Doha round

Canadian government contributes to failed WTO Ministerial in Hong Kong

Tuesday 20 December 2005, by The Council of Canadians

While a few hours remain for the delegates to come up with a face saving document, the World Trade Organization (WTO) Ministerial in Hong Kong is clearly a failure. The true meaning of development has been gutted for proposals in favor of a rich country market access agenda. This agenda will be imposed on the poorest nations of the world by governments like ours.

Led by International Trade Minister Jim Peterson, Canada’s position rests solely on prying open developing country markets for our service multinationals. Minister Peterson and his team were very active in pushing a deeper and accelerated form of negotiations on services at the WTO. Known as plurilateral negotiations, they allow the “friends” of a particular service sector to write the rules and then impose them on other nations who would have little choice but to acquiesce.

These new approaches to negotiations came out of nowhere last September and were unnecessary given the fact that the GATS or services negotiations already have full “modalities”, while agriculture and industrial tariff negotiations do not.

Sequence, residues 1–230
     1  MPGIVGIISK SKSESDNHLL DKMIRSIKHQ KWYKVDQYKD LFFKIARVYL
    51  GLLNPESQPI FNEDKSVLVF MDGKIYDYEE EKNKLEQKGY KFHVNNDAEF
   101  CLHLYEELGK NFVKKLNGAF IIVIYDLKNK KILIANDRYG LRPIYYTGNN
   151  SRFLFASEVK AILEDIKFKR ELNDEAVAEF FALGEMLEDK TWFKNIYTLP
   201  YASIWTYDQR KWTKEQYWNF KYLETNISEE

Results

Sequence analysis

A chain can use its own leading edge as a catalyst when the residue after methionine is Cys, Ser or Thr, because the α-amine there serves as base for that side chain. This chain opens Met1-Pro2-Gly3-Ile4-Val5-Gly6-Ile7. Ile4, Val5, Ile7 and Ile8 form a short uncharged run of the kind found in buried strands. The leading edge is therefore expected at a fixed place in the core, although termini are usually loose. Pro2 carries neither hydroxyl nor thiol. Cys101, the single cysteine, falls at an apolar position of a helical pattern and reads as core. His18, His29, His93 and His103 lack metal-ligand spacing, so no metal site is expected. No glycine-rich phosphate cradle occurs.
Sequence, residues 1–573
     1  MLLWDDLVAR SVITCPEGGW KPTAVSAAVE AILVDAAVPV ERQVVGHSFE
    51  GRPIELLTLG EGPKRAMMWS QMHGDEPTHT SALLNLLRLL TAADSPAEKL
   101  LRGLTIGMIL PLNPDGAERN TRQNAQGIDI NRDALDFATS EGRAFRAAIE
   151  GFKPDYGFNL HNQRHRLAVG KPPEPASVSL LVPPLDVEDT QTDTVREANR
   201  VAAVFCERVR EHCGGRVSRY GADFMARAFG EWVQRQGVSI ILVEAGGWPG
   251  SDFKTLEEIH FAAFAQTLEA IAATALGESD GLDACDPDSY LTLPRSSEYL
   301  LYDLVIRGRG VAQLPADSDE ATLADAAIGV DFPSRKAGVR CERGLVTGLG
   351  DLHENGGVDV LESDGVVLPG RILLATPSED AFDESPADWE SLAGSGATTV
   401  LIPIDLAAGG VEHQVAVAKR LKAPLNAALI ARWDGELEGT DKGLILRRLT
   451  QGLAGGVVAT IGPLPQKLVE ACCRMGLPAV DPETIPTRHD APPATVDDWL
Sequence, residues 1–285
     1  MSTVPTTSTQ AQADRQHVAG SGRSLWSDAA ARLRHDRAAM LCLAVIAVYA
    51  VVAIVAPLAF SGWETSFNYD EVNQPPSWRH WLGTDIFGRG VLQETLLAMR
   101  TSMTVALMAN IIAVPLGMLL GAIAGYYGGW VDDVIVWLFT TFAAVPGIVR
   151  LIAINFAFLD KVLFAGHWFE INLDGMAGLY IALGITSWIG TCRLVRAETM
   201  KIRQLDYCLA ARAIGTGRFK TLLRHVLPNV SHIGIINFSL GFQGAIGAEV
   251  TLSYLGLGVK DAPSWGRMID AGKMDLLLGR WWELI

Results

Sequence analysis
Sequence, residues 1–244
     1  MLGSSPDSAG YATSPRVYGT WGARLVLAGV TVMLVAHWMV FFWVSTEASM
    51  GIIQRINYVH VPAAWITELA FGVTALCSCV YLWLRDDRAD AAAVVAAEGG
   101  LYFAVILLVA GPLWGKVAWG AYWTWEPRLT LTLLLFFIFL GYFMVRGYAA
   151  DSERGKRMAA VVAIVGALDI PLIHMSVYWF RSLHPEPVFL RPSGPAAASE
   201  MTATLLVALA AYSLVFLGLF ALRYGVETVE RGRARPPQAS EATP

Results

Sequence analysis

“By taking an aggressive stance on services, the Canadian delegation has not only failed to deliver on the promise of development oriented rules, it has tarnished Canada’s reputation abroad and put Canada’s public services in jeopardy,” says Maude Barlow, National Chairperson of the Council of Canadians. The failure of the World Trade Organization (WTO) is ultimately a positive sign for developing countries and for Canadians.

The Council of Canadians calls on the government of Canada to develop a trade strategy that protects and improves the quality of public services offered in Canada and around the world, instead of one that promotes the interest of multinational corporations.

Founded in 1985, The Council of Canadians is Canada’s pre-eminent citizens’ watchdog organization, and has fought the negative effects of freer trade since the original Free Trade Agreement with the United States in 1989.

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Please note: Maude Barlow and Jean-Yves Lefort, Council of Canadians Trade campaigner, are available by phone from Hong Kong for interviews.

For more information please contact: Jan Malek, Communications Administrator, The Council of Canadians, office: Tel.: (613) 233-4487, ext. 231; Cell: (613) 795-8685; Email:

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